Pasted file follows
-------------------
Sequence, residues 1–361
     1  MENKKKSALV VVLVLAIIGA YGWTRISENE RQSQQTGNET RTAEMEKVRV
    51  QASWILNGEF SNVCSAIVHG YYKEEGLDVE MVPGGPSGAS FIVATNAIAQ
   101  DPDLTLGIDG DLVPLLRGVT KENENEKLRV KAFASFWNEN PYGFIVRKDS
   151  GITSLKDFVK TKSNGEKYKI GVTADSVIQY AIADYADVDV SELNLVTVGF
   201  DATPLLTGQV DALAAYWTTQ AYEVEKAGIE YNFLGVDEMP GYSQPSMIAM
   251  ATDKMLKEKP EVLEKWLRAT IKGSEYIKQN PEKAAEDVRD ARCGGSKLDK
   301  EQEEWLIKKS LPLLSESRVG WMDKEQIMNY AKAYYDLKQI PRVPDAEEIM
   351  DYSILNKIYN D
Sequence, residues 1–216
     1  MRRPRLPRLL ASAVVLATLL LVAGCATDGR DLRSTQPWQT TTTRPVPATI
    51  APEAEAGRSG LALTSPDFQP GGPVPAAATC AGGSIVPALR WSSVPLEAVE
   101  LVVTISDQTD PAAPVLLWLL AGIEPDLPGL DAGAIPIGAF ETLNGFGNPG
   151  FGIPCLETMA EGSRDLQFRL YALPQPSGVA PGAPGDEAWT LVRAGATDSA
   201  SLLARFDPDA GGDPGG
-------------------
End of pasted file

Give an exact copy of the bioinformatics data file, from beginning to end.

Sequence, residues 1–361
     1  MENKKKSALV VVLVLAIIGA YGWTRISENE RQSQQTGNET RTAEMEKVRV
    51  QASWILNGEF SNVCSAIVHG YYKEEGLDVE MVPGGPSGAS FIVATNAIAQ
   101  DPDLTLGIDG DLVPLLRGVT KENENEKLRV KAFASFWNEN PYGFIVRKDS
   151  GITSLKDFVK TKSNGEKYKI GVTADSVIQY AIADYADVDV SELNLVTVGF
   201  DATPLLTGQV DALAAYWTTQ AYEVEKAGIE YNFLGVDEMP GYSQPSMIAM
   251  ATDKMLKEKP EVLEKWLRAT IKGSEYIKQN PEKAAEDVRD ARCGGSKLDK
   301  EQEEWLIKKS LPLLSESRVG WMDKEQIMNY AKAYYDLKQI PRVPDAEEIM
   351  DYSILNKIYN D
Sequence, residues 1–216
     1  MRRPRLPRLL ASAVVLATLL LVAGCATDGR DLRSTQPWQT TTTRPVPATI
    51  APEAEAGRSG LALTSPDFQP GGPVPAAATC AGGSIVPALR WSSVPLEAVE
   101  LVVTISDQTD PAAPVLLWLL AGIEPDLPGL DAGAIPIGAF ETLNGFGNPG
   151  FGIPCLETMA EGSRDLQFRL YALPQPSGVA PGAPGDEAWT LVRAGATDSA
   201  SLLARFDPDA GGDPGG